NI Domestic Call-Outs 'Endemic'

Police respond to a domestic call-out every 23 minutes in Northern Ireland, in what has been described as an 'endemic problem' of abuse in the home.

According to a report by the Policing Board, one in four women in the province will be attacked by their partner.

Police have been presented with 14 recommendation from the report, which was collated by the Human Rights and Professional Standards Committee. UUP politician Basil McCrea, who chairs the committee, said domestic abuse was "a serious and endemic problem".

"The report has highlighted that under-reporting is a concern and domestic abuse is the least likely of all violent crimes to be reported to the police," he said.

"By the very nature of domestic abuse, the reasons for under-reporting are varied and complex however one important factor in this is the isolation of the victim and the fear of further isolation if a report is made."

There has been a 3.3% drop in domestic violence reports, however, every year there are around 23,000 incidents of attacks committed against partners or family members in the home.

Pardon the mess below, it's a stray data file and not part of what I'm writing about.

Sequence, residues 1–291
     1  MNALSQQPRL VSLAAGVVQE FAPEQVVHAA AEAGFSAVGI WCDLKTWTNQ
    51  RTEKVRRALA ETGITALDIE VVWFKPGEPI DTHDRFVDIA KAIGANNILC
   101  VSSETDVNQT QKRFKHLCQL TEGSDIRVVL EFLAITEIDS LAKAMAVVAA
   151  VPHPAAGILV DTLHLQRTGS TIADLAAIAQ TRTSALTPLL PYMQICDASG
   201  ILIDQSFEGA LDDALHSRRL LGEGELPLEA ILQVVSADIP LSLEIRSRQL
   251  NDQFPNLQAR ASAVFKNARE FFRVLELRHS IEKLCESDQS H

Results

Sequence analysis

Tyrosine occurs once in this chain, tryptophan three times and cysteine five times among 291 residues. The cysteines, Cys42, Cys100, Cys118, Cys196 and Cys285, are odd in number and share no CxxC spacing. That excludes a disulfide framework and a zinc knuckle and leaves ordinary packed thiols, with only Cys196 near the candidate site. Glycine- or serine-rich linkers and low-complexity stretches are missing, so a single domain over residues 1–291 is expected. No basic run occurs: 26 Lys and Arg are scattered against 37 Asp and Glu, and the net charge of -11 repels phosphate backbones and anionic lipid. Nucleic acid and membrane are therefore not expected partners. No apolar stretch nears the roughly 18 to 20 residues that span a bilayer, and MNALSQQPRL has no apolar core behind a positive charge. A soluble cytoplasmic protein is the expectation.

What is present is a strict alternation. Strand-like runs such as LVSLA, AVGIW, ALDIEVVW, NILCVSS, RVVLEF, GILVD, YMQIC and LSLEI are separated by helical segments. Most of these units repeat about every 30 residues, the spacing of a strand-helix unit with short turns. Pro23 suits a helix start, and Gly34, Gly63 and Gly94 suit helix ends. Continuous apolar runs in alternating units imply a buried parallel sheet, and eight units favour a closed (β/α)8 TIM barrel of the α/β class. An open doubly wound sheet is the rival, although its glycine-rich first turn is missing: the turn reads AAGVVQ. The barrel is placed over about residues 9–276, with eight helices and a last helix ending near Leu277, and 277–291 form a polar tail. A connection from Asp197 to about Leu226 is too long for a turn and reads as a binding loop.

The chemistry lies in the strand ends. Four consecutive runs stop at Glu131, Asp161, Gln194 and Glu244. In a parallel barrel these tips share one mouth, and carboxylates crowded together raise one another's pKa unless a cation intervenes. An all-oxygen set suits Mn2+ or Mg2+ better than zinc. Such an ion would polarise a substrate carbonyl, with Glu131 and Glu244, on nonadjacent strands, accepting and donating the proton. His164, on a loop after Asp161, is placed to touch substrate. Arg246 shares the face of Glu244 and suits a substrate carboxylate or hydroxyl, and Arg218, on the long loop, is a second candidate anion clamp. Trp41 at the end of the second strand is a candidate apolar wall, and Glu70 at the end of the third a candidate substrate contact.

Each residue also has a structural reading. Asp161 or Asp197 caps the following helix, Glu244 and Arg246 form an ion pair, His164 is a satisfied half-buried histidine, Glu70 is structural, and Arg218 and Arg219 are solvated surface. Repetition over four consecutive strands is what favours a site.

Almost half (11) of the 25 murders reported in Northern Ireland last year had domestic motivations.

Mr McCrea picked up on the worrying increase in domestic violence occurring within same-sex partnerships, mostly carried out on men.

Prosecution in domestic incidents is dependent on the victim pursuing charges, which in some cases are quickly withdrew.

The PSNI must seek to change policy around this issues, according to the board's report.

Martina Anderson, a Sinn Fein board member, said that despite welcomed progress, some areas still required greater focus.

"I think we have to acknowledge there have been huge strides made by the PSNI in tackling this issue over recent years but it is clear that much work still needs to be done," she said.

"We have identified a number of gaps around training and resources for instance but I am confident that the 14 recommendations emerging from this inquiry will go a long way to closing those gaps and improving, still further, PSNI responses to domestic violence."


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